3. The Dinsdale film of 1960 shows a large animal moving at considerable speed, at one stage submerging but continuing to throw up a massive wake as it moves along just below the surface. Nothing that size could get in or out of the Loch without being spotted. Ergo, that species lives in the Loch.

      More detail and links and articles on my website:

      • PigFlyingOverVirginiaRightNow said

        Hmm, you might be right about the situation as of up to five years ago. But now we have youtubes of just about everything interesting or utterly trivial. By now there should be loads of very clear vids of this/these creatures. Instead there aren’t any (except one joke one with very unpleasant ending). That leaves one with the highly incredible notion that this/these creatures survived for zillenia then just happened to die out in recent decades just in time to miss youtube.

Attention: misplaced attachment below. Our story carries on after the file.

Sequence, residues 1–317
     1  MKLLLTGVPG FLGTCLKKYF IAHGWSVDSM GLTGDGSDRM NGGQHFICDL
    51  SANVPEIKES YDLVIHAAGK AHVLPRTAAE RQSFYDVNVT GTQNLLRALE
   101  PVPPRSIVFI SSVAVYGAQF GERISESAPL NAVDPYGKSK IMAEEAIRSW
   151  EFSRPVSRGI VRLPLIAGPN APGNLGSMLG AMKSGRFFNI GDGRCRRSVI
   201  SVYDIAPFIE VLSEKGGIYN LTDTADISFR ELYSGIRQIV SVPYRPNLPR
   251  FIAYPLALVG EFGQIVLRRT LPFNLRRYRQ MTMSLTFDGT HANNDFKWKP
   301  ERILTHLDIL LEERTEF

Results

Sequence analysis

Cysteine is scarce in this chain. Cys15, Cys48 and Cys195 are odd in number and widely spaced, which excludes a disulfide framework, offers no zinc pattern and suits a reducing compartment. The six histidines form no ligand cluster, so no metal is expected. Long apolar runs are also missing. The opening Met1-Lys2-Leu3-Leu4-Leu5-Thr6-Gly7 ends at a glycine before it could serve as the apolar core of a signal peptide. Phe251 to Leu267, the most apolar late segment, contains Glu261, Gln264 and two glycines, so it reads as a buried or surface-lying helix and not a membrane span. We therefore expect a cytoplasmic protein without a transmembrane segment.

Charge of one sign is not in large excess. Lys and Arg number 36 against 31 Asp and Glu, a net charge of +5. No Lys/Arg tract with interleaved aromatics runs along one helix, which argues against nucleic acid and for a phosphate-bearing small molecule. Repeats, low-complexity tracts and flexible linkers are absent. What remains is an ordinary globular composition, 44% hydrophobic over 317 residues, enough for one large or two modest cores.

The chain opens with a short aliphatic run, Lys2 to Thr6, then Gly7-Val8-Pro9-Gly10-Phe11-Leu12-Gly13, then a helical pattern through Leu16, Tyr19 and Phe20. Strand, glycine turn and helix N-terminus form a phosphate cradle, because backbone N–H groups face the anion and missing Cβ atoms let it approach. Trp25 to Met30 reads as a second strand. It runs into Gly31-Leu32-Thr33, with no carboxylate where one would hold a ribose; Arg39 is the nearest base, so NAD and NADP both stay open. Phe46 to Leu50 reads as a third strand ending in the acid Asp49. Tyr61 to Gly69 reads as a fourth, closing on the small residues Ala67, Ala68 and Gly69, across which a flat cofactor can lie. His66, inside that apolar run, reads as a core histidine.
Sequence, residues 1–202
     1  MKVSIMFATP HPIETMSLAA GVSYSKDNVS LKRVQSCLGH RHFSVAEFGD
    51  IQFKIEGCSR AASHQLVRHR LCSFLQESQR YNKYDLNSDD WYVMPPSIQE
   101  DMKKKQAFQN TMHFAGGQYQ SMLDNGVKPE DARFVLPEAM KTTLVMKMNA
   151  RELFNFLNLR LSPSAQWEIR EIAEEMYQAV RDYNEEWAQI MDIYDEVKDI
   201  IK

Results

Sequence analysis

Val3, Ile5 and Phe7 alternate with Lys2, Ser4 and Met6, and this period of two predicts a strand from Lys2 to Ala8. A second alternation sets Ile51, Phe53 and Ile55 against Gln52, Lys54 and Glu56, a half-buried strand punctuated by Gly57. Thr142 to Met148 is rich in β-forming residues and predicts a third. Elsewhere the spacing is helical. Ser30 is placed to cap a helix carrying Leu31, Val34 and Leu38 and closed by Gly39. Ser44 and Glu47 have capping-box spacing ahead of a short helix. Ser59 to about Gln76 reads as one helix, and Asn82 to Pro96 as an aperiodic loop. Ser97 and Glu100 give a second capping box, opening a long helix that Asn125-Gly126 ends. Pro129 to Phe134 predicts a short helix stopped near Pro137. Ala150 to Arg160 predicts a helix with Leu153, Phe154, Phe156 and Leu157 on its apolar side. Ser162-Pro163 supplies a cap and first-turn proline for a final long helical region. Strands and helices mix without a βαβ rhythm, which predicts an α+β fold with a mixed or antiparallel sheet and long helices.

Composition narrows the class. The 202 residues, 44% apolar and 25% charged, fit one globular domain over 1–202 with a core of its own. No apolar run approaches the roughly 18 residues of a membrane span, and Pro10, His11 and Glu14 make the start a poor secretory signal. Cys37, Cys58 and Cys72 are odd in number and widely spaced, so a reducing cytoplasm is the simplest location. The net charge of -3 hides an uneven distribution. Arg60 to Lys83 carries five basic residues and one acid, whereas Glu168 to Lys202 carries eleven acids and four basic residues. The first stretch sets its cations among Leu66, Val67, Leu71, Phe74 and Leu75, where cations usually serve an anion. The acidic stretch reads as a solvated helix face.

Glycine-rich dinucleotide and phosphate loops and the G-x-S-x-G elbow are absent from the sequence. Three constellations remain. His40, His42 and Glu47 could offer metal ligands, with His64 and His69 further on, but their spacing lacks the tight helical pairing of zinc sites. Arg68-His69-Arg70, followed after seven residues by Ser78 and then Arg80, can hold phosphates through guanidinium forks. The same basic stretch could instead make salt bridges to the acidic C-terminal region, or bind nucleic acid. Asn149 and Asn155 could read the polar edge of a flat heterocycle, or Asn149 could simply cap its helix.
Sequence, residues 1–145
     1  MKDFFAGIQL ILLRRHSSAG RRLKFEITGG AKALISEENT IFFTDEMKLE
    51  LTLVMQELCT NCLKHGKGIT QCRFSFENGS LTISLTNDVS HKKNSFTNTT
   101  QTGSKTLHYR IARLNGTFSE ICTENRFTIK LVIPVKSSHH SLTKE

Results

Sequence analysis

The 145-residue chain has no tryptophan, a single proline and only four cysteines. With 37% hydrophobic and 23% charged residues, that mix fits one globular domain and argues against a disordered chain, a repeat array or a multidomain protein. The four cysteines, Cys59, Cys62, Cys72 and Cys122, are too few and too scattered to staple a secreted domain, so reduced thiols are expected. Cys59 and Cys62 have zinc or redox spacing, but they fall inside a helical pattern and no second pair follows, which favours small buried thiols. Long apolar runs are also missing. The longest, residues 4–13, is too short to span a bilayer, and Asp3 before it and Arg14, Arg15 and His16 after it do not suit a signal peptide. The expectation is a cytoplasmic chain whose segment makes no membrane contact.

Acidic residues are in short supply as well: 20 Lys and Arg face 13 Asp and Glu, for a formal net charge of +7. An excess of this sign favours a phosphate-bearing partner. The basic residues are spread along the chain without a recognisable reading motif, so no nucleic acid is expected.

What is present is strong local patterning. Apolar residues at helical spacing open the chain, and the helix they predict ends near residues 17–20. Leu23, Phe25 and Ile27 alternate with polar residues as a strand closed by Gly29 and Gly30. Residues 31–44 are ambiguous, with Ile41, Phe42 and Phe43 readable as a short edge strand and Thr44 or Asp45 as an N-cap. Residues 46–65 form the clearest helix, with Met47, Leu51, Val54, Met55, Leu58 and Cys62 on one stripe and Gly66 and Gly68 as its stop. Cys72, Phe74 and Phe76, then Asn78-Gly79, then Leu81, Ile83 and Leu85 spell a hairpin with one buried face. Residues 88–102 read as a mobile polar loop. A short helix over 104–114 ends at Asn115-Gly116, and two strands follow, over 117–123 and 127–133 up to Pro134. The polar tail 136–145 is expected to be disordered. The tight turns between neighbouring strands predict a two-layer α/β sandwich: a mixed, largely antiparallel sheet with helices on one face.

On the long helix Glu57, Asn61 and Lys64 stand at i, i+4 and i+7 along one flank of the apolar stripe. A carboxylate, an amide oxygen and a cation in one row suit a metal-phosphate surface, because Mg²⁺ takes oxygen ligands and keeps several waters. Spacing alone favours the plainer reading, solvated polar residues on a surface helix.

“1. Highly improbable isn’t impossible.”

        But a wise person doesn’t place any bets on it.

      • Henry Bauer said

        PigFlying…OneOfMany Names:
        While the Dinsdale film demonstrates that Nessies are real animals, there is no satisfactory hypothesis about WHAT they are. By appearance they are reptilian or mammalian, therefore should need to breathe air and be seen at the surface far more often than they are. There have been speculations that are not unreasonable — surfacing so surreptitiously as not to be noticed, for instance, just putting up “snorkels”, say, but nothing really convincing.
        Experience indicates that they are probably mainly bottom-living, for example, 1968 sonar by University of Nottingham engineers picked up several large, fast somethings coming up from the bottom and going back down.
        Sonars of several types deployed by many different groups have detected big moving objects on numerous occasions; but sonar cannot give precise sizes or shapes, so again all we know is that there are fast-moving somethings, larger than fish.